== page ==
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Janet Echelman

Sculptor, Studio Director, Studio Echelman

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Creative vision -- how do you develop and hold onto it, especially when obstacles appear in your path?

Artist Janet Echelman overcame rejection and doubts to develop her methods of building voluptuous sculptures the size of buildings out of simple materials like fishnet. In this live conversation, ask questions and share your own experiences with Janet about the path to creative endeavor.

This Live conversation will open on Feb. 13th, 2012, 2 pm EST.

If you couldn't make to this Live Conversation, the discussion with Janet Echelman continues on her TEDTalk page: http://www.ted.com/talks/janet_echelman.html

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    Feb 13 2012: Dear Janet, thank you very much for being with us today :) My question is: how do you feel about industrial high-tech materials, as opposed to handcrafted nets, fabrics... how do high-tech materials compensate for the lack of the originality that comes with handcrafting something?
    • Feb 13 2012: That is a good question. I recently asked myself the same thing. I am trying to work on some mixed media paintings and I have questioned what I could get away with in the terms of materials. Is it acceptable to use high-grade, high-tech stuff in art? I would think so.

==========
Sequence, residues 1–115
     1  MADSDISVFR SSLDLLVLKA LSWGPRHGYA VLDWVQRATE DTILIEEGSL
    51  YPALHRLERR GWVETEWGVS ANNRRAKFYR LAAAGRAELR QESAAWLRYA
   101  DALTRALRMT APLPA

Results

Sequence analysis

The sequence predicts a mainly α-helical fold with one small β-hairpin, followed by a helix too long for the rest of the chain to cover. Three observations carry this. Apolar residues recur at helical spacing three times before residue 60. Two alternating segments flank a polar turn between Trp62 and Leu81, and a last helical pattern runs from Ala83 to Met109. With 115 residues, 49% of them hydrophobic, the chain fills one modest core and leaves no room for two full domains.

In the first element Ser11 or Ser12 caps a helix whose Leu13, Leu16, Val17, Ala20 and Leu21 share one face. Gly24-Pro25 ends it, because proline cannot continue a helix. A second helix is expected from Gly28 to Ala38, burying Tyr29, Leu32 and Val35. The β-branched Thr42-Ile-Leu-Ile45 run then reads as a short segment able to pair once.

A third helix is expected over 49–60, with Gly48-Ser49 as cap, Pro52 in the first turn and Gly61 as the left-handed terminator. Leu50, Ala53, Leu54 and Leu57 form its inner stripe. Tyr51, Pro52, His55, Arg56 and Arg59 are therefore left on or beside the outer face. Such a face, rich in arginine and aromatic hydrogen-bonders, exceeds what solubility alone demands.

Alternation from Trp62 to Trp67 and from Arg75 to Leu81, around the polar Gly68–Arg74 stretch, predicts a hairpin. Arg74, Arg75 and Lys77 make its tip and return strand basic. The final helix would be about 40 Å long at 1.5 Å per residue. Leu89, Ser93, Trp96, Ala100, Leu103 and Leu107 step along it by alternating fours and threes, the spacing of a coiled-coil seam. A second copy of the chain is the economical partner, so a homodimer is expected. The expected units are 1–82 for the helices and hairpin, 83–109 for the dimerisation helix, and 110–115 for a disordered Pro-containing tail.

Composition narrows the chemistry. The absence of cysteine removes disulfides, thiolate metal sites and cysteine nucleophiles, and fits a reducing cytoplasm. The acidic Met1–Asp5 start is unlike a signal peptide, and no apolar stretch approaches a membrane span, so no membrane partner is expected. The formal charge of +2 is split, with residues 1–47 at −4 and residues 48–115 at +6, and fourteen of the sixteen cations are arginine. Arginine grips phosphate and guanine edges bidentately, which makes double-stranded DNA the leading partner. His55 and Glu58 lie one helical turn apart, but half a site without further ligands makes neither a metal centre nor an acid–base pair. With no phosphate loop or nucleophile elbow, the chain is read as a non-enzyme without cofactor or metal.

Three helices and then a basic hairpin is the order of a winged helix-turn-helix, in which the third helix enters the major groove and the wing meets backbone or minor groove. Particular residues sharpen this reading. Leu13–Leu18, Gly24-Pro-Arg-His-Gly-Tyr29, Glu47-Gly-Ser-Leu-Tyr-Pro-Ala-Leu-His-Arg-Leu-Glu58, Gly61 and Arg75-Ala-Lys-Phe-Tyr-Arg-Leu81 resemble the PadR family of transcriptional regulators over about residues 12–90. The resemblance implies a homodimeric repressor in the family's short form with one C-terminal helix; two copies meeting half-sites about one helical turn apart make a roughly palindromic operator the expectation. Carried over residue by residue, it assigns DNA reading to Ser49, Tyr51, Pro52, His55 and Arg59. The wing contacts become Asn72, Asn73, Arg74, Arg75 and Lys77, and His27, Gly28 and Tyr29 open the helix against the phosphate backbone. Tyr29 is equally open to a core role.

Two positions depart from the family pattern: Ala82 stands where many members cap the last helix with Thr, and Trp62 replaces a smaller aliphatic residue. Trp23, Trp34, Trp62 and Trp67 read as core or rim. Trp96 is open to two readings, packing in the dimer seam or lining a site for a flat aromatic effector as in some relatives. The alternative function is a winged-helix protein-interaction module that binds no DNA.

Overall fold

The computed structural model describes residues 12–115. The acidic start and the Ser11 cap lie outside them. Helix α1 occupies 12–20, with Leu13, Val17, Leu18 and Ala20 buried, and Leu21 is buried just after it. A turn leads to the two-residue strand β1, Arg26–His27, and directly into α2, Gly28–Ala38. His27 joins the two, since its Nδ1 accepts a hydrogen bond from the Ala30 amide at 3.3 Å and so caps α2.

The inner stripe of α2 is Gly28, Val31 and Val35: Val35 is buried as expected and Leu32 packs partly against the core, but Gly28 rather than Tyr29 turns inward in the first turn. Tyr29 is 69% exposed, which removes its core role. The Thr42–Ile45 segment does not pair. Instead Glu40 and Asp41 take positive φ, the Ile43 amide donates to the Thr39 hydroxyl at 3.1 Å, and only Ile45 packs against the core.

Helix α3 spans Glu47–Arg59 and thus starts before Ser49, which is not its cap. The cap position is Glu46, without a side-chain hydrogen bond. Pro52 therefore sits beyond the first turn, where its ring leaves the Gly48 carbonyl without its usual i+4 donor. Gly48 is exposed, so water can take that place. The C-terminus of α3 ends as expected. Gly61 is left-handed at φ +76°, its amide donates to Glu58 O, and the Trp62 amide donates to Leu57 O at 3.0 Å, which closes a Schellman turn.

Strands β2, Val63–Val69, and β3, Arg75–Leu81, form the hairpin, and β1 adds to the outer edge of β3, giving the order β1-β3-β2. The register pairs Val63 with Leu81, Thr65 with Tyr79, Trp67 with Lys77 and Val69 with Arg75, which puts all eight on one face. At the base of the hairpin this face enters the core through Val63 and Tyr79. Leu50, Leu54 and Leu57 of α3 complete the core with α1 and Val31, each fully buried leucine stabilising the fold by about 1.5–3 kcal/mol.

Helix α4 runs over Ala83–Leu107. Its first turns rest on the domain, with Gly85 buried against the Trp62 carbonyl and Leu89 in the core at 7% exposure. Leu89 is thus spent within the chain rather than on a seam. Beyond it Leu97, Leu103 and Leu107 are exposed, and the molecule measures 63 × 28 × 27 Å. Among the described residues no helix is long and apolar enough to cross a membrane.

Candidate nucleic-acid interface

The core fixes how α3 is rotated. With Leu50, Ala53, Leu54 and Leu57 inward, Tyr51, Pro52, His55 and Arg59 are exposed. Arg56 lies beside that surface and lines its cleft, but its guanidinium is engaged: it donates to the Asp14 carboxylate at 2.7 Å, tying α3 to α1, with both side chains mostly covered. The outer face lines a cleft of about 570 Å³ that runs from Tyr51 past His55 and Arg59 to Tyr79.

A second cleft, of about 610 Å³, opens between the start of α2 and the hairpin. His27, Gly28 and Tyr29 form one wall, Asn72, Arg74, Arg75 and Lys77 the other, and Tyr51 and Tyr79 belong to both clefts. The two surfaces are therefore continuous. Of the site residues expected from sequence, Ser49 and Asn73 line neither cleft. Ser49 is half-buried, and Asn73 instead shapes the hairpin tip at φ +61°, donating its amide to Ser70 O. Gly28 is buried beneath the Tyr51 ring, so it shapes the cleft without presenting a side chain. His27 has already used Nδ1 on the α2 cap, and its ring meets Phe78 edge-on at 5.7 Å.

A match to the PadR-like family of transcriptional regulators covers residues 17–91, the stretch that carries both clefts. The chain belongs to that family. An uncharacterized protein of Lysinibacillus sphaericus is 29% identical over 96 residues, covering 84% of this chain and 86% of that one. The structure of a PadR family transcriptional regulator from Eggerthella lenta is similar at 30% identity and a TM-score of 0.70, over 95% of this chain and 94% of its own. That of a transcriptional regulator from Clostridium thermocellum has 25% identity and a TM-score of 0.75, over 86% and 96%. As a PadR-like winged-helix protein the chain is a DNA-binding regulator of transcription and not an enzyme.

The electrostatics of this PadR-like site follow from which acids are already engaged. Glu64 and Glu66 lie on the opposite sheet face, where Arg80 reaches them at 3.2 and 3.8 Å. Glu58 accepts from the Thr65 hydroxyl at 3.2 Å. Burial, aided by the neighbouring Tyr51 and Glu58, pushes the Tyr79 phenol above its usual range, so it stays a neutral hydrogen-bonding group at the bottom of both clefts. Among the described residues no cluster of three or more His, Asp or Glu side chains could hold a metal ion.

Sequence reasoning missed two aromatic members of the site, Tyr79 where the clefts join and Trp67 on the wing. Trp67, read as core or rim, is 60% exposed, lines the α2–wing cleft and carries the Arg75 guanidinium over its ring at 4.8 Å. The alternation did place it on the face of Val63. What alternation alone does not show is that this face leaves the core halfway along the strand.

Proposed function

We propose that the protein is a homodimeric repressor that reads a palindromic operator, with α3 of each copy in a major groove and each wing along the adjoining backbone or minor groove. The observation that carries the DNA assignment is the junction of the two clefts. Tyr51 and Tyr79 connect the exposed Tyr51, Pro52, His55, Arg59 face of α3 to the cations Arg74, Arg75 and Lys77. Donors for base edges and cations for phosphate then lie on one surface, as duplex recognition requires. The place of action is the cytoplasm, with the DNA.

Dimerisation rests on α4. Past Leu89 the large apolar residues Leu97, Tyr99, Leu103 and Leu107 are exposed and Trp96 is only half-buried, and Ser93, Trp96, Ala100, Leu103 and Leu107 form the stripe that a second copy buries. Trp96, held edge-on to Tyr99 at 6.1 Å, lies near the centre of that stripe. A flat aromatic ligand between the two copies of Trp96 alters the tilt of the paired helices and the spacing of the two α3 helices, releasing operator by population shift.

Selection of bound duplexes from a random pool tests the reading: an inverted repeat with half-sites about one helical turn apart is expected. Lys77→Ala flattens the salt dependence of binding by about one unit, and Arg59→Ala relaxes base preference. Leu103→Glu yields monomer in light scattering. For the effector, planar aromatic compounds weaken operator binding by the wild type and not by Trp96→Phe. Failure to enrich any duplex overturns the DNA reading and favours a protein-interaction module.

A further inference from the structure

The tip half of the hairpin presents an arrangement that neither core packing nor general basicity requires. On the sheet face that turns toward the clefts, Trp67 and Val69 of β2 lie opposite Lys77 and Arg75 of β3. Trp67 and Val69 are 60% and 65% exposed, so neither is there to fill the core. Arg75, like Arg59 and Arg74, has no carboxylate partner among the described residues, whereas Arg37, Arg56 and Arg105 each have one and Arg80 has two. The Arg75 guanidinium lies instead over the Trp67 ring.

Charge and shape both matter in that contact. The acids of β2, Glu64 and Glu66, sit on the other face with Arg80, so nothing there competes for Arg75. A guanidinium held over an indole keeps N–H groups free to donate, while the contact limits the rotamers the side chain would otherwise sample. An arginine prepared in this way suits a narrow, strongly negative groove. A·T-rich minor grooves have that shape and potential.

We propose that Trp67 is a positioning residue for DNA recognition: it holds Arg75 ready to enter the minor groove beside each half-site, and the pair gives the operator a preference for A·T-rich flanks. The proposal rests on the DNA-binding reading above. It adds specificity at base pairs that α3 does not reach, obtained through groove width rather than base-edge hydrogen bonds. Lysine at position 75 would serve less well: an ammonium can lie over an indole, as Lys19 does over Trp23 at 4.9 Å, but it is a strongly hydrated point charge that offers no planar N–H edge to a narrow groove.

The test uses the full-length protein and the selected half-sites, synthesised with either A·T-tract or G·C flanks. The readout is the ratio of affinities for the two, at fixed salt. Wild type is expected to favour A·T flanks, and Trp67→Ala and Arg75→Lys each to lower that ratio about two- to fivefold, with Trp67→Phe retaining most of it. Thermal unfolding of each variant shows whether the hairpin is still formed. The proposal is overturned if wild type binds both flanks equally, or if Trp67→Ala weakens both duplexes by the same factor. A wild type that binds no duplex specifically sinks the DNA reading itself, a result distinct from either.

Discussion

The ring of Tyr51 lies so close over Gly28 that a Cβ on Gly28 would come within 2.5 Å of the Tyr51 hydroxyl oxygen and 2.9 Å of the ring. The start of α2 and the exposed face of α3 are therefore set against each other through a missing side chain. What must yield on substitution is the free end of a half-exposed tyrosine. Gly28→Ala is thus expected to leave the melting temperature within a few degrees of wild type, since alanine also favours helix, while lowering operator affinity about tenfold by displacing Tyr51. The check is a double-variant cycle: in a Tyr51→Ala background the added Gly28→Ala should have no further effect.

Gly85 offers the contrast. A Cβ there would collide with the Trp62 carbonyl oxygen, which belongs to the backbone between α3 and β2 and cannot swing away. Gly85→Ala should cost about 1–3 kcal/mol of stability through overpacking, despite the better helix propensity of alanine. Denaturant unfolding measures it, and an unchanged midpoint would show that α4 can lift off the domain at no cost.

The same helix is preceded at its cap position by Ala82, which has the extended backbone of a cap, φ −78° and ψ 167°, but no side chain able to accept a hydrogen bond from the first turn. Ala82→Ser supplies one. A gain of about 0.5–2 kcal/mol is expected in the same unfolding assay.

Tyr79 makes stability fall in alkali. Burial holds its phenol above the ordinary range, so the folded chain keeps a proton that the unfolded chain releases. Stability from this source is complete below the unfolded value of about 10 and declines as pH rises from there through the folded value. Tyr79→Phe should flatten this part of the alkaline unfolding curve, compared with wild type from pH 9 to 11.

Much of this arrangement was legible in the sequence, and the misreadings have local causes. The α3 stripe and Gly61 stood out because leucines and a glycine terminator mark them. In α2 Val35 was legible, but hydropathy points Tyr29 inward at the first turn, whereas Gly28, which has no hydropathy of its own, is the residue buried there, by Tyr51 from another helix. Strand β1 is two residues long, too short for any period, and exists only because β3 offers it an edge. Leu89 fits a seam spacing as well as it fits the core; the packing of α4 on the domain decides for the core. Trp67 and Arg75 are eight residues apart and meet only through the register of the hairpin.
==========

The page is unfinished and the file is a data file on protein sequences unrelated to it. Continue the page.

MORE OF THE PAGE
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      Feb 13 2012: Hi Simone, I think that's a very interesting question. How to answer...
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      Feb 13 2012: I can only speak for myself. I am drawn to the idiosyncracy of hand-made things, from the way a hand-whittled chair is just slightly off center. I suppose it has to do with our human bodies, the way we are imperfectly symmetrical.
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      Feb 13 2012: I am quite interested in high-tech manufacturing methods, and most especially in the new "smart" methods where we can use digitally controlled manufacturing methods to create production which is able to constantly vary.
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      Feb 13 2012: If you've listened to "Taking Imagination Seriously" you have already heard about my work with industrial fishing net manufacturers. While I didn't have time in the TEDtalk to discuss, I'm working with many different kinds of industrial manufacturers. I'm interested in so many things, and I'm never sure which method is going to yield something interesting, so I try out alot of different avenues. I briefly mentioned the new work I'm utilizing for my commission for Philadelphia's Dilworth Plaza in front of City Hall, where I'm working with industrial kanufacturers who produce mist-making machines and fans to create a new kind of art effect that combines with colored light to produce an ethereal colored "scrim". There are industrial knitting machines that can create a seamless 3-dimensional form, and I'm very excited about those possibilities.

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